True Grit part 5












Every serious Western, from Stagecoach to Unforgiven, asks the question “What kind of a nation are we?”  The genre is, of course, ideally suited to this.  It’s the first genre to be invented in the US, and it speaks most purely to the “soul,” as it were, of America.  In the Western, the nation is still new, the frontier is open, it’s all up for grabs, and things aren’t yet settled.  The genre can, and does, say many different things about the US.  A Western can laud American ideals, it can mourn the closing of the frontier, it can stand up for law and order, it can protest against tyranny, it can champion the little guy, it can indict mob mentality, it can celebrity individuality, it can condemn genocide, it can explore race relations.  Americans watch Westerns, I think, in order to learn about who they are.  The Old West is a land where everything is still possible.

(What the Western says depends, of course, on who is doing the telling and what they’re trying to say about the time in which they’re making their movie.  High Noon isn’t about the Old West, it’s about McCarthyism.)

Who is Mattie Ross?  Mattie is, for lack of a better word, a child of the Civil War.  She has been born into this new nation, this nation that still has a frontier, still has wilderness, still has wildness in it.  That wildness is fast disappearing, and Mattie is part of it.  She represents the new sense of civilization, the gentility of the American spirit.  What Mattie doesn’t really understand is that her gentility, her civilization, is possible only because of the brutality, genocide and fratricide that has preceded it.  Her sense of superiority and entitlement ignores the genuine savagery of the nation’s founding.  She takes it for granted that the law must be obeyed, that capital dictates morality, that civilization is better than the wild.

That’s why, for the purposes of the narrative of True Grit, Mattie does not show any signs of grieving for her father, whose death she’s supposedly revenging.  Her father’s death is beside the point, she’s interested primarily in dispensing what she calls “justice.”  And her father, her symbolic father, isn’t dead, he’s riding right along with her – he’s Rooster Cogburn.  More on which as we continue.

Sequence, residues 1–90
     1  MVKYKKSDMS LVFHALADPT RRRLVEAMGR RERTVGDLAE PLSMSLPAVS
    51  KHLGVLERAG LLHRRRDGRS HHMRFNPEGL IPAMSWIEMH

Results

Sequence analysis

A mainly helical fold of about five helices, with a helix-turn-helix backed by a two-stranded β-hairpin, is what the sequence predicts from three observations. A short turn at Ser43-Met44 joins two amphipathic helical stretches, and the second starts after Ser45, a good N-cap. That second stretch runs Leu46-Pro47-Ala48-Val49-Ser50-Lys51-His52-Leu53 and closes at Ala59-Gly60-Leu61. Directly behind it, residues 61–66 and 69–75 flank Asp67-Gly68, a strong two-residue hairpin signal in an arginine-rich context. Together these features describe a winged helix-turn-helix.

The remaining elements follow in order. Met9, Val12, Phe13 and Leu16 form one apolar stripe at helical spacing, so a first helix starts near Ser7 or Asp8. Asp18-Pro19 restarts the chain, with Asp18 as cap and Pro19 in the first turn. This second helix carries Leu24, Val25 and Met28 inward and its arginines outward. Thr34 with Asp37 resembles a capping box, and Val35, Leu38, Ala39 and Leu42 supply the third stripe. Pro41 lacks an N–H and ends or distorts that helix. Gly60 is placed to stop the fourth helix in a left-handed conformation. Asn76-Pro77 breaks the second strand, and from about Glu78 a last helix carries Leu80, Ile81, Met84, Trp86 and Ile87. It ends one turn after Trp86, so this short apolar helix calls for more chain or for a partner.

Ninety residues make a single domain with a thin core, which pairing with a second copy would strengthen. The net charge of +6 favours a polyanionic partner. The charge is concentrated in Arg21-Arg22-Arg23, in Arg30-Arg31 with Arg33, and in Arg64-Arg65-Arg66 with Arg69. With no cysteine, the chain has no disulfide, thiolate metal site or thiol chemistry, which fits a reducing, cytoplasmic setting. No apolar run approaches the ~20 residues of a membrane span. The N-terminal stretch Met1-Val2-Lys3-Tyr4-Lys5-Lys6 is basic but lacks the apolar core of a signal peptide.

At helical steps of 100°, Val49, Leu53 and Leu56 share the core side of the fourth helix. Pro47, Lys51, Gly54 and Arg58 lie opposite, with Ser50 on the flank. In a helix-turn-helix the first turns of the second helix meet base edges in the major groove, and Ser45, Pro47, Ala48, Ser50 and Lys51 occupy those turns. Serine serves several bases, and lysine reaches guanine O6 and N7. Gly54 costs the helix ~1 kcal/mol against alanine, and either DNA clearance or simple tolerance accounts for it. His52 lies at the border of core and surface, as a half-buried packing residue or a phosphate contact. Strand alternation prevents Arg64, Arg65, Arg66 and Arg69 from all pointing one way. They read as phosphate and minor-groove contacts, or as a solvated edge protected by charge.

As Act II begins, Mattie sits around the campfire with Rooster and LaBoeuf as the two men engage in a pissing contest for Mattie’s edification.  LaBoeuf tells tales of being a proud Texas Ranger and Rooster shoots him down, step by step.  What is at stake?  They are competing for Mattie’s fealty, they are each auditioning for the role of father.  Each of their arguments is, “I am a better man than you.”  LaBoeuf’s point of view is, “I am a member of a resourceful, courageous organization, I stand for something, I come from tradition and honor.”  Rooster’s counter-argument is “Sure, but do you get results?”

Mattie’s response to her warring symbolic-fathers’ argument is to tell a ghost story, which is the only thing we know that she used to do with her biological father.  In a way, she’s saying “Neither of you is my father, my father is the man who took me coon hunting.”

(There is a passage in the novel where Mattie goes to see Rooster in his room behind the Chinese grocery, and Rooster finds a rat in the grain supplies.  In a show for Mattie, he pretends to present a writ of arrest to the rat, “a writ for a rat,” and then shoots the rat when it does not comply.  The message is clear: to Rooster, criminals are rats and need to be exterminated, not presented with rulings.  This scene, which is key to the novel, turned up in the 1969 version of the movie, but didn’t make it into the Coens’ version.  My guess?  The Coens didn’t want to paint Rooster as a reactionary, or perhaps they didn’t want to draw comparisons to the “what do you do with a rat” scene from Inglourious Basterds.  Whatever the case, the Coens have definitely downplayed a major part of the novel, which is to show Rooster’s discomfort in the newly encroaching civilized world.)